The style is the logical result of the direction Lubezki has been heading his entire career, particularly in his collaborations with director Alfonso Cuarón, who is good friends with Birdman director Alejandro González Iñárritu. Cuarón has always favored long takes, and Lubezki has proven his aptitude with such shooting conditions time and again. He won the Oscar for his work last year on Cuarón’s Gravity and should probably have another two for his lensing of Cuarón’s Children of Men and Terrence Malick’s gorgeous The Tree of Life. No matter. He will most likely win his second award in a row this year.

Except for a short segment in the omnibus film To Each His Own Cinema, this is Lubezki’s first collaboration with Iñárritu, but the two are already hard at work shooting another film together – The Revenant, starring Leonardo Dicaprio, which is due out at the end of this year. If the results of Birdman are any indication, we should all be very excited about the next collaboration from these two unique artists.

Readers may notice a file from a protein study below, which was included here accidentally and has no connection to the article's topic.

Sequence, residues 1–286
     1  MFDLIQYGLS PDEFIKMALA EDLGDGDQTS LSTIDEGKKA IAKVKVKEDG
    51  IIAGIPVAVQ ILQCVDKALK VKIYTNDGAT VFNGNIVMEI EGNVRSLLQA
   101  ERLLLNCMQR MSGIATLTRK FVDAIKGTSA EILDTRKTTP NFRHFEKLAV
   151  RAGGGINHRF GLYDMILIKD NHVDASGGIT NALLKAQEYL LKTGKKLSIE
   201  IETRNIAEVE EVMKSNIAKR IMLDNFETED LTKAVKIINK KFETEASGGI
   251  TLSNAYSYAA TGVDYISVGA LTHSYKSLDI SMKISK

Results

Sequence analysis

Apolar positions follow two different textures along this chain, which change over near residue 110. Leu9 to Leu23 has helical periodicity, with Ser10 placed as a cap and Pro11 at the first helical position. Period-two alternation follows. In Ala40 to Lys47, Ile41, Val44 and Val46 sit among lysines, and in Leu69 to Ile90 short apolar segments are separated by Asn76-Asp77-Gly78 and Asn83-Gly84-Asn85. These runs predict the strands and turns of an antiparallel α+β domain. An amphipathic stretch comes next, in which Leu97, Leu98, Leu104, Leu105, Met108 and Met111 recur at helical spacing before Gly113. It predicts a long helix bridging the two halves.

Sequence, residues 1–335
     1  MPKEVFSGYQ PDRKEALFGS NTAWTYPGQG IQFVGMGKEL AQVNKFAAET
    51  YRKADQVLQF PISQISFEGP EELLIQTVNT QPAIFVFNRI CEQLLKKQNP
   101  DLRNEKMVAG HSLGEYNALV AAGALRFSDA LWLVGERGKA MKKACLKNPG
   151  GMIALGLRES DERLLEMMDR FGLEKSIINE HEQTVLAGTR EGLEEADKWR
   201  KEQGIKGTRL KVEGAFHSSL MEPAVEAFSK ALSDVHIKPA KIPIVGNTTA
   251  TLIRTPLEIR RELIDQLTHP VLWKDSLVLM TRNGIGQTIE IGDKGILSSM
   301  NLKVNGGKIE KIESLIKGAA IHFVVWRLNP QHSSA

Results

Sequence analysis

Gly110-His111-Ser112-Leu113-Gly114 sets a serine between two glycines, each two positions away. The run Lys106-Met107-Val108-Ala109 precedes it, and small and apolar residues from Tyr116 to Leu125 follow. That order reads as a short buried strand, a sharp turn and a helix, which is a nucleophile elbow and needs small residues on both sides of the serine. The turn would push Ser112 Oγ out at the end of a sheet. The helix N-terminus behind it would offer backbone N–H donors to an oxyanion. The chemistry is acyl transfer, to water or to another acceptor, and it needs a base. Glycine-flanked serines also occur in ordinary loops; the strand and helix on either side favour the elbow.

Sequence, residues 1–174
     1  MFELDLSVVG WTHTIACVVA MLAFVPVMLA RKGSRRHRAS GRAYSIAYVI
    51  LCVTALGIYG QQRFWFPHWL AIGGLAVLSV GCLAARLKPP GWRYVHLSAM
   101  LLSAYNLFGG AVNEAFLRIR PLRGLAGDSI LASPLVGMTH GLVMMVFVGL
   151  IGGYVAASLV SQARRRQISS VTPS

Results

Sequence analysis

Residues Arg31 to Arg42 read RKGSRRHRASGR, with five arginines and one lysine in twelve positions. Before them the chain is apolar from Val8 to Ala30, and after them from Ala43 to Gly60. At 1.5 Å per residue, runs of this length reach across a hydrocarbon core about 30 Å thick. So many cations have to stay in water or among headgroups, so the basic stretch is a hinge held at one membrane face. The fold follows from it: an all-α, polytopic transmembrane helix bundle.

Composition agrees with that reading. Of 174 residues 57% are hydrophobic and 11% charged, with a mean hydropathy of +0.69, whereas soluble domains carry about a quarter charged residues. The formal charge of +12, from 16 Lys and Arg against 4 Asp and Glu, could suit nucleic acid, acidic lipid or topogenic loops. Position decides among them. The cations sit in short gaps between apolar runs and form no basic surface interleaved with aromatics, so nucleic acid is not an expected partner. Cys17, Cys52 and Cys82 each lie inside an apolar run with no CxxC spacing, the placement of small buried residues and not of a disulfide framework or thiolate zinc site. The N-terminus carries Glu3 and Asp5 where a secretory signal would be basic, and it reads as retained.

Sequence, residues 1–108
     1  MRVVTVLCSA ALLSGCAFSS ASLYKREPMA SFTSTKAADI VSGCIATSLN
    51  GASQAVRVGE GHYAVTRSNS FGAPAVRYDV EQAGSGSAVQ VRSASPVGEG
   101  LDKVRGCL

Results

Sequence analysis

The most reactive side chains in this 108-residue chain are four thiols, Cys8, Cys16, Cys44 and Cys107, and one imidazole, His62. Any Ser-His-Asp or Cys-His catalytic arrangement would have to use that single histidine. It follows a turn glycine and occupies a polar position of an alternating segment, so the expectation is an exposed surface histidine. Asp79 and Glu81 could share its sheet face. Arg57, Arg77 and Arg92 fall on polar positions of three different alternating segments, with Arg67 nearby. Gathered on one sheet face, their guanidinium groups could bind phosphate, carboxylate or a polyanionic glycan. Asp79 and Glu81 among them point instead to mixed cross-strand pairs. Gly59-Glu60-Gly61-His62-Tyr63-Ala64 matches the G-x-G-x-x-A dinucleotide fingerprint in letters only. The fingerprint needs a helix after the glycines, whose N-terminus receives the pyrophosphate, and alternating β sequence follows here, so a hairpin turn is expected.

Mr. Turner – If it were not for the brilliant, boundary-pushing work of Lubezki, cinematographer Dick Pope’s painterly lensing of Mike Leigh’s JMW Turner biopic would be this year’s hands-down winner. It is just as deserving, and in many ways, it is the more classical nominee, a throwback to the old style of shooting a film. While Lubezki’s camera flies in and out of scenes like it is on a mission, Pope carefully crafts each moment, each frame for maximum impact.

The film is about a painter who is famous for his impressionist landscapes, and Pope steps up to the challenge of matching the story of England’s greatest artist with some of the most beautiful compositions you are ever likely to see. While several sequences are set up to recreate the look and feel of a Turner painting in real life, the work in between these bravura scenes is just as stark and just as rewarding.